The Qin/Tiu set includes only the sonatas, whereas the Phillips/FFG set includes the variations, which I saved until after the A/Bs were done. Not surprisingly, the traits the duo display throughout the sonatas are also on display in the variations, and all the works make for a most enjoyable listen.

Both sets are most enjoyable, but the Phillips/FFG pairing is the more adventurous, more exicting, and more compelling of the two, and easily ranks alongside Perenyi/Schiff and Fournier/Kempff for me.* It's yet another triumph for FFG. I eagerly await his Beethoven Violin Sonatas and Piano Trios. I may have to try his earlier recording of these works with Gastinel now.

Not surprisingly, all of the artists in this shootout are quite talented. FFG is one of my favorite living piansts, and I already know to reflexively buy any new recording going forward. I may not buy new recordings by Phillips reflexively, but I will keep him in mind in other repertoire (his EMI Debut disc looks enticing), and when he records the LvB piano trios with FFG and Tedi Papavrami, I will buy without hesitation. Qin falls into this category, and his few recordings do hold some interest, particularly the Decca Dvorak. FFG obviously excluded, it is Albert Tiu that I'd like to hear more from most out of this group. He's got a few solo albums out, and the Scriabin/Chopin one looks tempting, but I really want to hear him in Mozart and Haydn, and probably Ravel. He's made it out Oregon way before, playing down in Eugene. The Oregon Bach Festival aside, that town is boring as hell if one doesn't like college sports, but I'll make the jaunt down there if he visits again.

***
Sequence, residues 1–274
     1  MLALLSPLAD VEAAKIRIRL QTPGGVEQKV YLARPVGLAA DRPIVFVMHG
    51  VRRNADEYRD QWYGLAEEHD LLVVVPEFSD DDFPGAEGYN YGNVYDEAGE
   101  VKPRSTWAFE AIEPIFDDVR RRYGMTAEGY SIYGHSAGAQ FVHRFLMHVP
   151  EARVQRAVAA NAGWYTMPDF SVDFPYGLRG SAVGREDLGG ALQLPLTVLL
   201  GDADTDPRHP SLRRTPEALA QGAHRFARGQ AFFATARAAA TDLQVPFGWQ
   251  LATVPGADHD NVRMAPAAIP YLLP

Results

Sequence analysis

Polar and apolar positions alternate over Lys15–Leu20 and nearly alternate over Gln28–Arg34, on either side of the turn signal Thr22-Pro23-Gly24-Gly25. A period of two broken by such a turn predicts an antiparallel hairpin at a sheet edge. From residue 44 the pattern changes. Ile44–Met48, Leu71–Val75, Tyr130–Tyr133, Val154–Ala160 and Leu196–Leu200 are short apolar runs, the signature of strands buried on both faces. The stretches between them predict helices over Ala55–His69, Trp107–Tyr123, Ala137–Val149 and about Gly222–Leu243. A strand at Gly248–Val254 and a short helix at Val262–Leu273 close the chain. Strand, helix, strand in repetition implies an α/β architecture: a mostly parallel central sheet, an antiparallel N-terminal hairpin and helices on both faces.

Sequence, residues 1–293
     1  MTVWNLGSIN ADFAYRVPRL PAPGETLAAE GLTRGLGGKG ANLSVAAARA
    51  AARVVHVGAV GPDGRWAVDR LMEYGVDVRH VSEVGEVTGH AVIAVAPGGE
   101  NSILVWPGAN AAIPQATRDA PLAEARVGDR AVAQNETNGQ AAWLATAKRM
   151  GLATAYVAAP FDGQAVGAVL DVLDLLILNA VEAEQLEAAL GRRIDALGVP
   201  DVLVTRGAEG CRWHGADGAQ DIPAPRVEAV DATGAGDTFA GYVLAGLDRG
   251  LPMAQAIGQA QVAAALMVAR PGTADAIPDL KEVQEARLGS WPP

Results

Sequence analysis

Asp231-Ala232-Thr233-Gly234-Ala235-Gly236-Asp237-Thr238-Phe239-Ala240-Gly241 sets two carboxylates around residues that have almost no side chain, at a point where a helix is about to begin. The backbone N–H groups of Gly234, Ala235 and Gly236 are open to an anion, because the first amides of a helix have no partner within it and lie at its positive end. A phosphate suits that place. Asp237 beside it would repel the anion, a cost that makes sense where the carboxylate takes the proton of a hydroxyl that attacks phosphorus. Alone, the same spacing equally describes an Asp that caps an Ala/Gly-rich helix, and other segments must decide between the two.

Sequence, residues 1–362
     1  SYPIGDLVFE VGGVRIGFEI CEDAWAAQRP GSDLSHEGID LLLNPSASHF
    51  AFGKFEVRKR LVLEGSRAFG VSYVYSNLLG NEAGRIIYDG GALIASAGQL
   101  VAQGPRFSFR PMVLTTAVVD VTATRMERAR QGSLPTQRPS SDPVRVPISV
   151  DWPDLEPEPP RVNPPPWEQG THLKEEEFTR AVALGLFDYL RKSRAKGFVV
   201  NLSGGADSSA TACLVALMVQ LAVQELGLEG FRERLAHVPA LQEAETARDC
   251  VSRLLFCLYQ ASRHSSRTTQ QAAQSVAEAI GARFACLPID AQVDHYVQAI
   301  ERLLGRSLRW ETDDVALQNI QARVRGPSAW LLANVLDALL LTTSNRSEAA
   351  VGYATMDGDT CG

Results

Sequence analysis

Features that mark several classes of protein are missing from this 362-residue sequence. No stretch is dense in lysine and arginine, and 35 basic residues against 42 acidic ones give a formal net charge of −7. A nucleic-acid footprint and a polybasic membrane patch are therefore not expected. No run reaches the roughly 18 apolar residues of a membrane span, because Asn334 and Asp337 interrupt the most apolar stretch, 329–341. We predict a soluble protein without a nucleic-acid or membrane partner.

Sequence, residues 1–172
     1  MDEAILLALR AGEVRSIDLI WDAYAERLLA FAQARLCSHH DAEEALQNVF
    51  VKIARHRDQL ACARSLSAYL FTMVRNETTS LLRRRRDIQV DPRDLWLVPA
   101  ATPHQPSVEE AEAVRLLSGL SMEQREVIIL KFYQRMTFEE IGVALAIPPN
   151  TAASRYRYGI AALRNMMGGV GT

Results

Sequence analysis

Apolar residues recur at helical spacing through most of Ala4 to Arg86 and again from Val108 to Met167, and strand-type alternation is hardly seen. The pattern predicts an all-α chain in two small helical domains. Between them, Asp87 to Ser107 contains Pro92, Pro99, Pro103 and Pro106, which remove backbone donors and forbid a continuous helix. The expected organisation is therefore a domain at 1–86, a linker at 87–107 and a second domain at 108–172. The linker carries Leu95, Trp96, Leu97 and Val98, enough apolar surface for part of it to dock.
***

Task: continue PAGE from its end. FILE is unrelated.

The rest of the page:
Sound for both sets is at or near SOTA.

* I can't help but notice that three of the six musicians in my favorite sets are French, which is almost as gallocentric as my preferred sets of Violin Sonatas. Hmmm.

Amazon UK link for Qin/Tiu

Amazon UK link for FFG/Phillips